Blockade of metabotropic glutamate receptor 5 activation inhibits mechanical hypersensitivity following abdominal surgery

Sharron Dolan, Andrea M. Nolan

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This study used the metabotropic glutamate 5 (mGlu5) receptor subtype-selective antagonist 2-methyl-6-(phenylethynyl)pyridine (MPEP) to characterise the contribution of mGlu5 receptor activity to pain and hypersensitivity in an animal model of post-surgical pain. Adult female Wistar rats (200–250 g) were anaesthetised with isoflurane (2%) and underwent a midline laparotomy with gentle manipulation of the viscera, and the effects of pre- (30 min) or post- (5 h) operative treatment with MPEP (1, 3 or 10 mg kg-1; i.p.) or drug-vehicle on hindpaw withdrawal latency (in seconds) to thermal stimulation (Hargreave’s Test) and response threshold (in grams) to mechanical stimulation (using a dynamic plantar aesthesiometer) were measured. Animals that underwent surgery displayed significant hypersensitivity to mechanical stimulation of the hindpaws. Hypersensitivity was maximum at 6 h post-surgery (44.5 ± 2.4% decrease; p <0.01 vs. anaesthesia only controls) and persisted for 48 h. Surgery had no effect on thermal withdrawal latency. Both pre-operative and post-operative administration of 10 mg kg-1MPEP blocked mechanical hypersensitivity induced by surgery (p <0.01 vs. vehicle treatment). MPEP had no effect on acute nociceptive thresholds in naïve animals. These data suggest that activity at mGlu5 receptors contributes to development of pain and hypersensitivity following surgery.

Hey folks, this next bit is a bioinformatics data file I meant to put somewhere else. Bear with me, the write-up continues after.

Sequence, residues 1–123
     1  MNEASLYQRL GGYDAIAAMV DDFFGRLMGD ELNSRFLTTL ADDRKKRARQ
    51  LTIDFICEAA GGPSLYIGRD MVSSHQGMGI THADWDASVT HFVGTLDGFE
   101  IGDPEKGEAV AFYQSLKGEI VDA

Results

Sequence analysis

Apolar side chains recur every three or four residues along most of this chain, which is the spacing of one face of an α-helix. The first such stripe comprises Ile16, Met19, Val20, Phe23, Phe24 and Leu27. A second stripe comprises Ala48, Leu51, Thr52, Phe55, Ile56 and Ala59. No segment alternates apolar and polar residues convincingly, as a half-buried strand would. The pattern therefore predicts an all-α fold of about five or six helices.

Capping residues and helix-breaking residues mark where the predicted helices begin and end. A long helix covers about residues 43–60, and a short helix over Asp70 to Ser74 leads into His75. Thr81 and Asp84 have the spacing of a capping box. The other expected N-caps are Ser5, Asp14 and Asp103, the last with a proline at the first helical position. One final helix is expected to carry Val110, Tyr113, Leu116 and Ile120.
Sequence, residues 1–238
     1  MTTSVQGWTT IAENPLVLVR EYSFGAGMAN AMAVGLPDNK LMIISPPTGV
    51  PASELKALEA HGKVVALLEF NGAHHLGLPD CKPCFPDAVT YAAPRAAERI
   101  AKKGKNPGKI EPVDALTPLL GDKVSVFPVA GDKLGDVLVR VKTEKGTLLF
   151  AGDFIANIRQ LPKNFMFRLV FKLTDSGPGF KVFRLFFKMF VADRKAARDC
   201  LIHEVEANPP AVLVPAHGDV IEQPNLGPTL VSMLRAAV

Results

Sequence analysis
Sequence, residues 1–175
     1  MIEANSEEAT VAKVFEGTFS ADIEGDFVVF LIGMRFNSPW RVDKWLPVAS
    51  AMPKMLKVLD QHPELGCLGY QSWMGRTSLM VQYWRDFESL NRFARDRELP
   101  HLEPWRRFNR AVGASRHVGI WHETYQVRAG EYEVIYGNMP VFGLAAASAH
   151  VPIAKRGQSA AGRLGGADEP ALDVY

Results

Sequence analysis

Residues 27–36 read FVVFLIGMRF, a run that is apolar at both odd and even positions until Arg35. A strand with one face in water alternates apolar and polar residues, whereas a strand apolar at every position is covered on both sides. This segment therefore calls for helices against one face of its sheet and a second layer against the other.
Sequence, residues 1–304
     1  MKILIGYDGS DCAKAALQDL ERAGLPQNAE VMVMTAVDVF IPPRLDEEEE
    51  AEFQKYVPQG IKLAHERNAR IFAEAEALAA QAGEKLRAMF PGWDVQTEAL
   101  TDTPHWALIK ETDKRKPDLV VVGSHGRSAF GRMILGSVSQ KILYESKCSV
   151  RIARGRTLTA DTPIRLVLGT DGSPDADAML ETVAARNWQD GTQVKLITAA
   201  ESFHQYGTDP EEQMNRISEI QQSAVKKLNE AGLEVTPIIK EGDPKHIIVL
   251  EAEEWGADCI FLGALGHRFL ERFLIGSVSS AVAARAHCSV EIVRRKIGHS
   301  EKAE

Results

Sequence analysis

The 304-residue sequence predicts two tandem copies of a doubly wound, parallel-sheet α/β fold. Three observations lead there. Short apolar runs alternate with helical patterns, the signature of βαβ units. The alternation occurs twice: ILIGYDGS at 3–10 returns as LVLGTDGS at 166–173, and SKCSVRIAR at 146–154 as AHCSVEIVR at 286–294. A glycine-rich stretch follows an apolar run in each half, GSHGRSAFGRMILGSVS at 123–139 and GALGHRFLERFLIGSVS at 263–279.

Original languageEnglish
JournalEuropean Journal of Pain
Publication statusPublished - 1 Aug 2007



  • metabotropic glutamate receptor 5
  • post-surgical pain
  • MPEP
  • hyperalgesia

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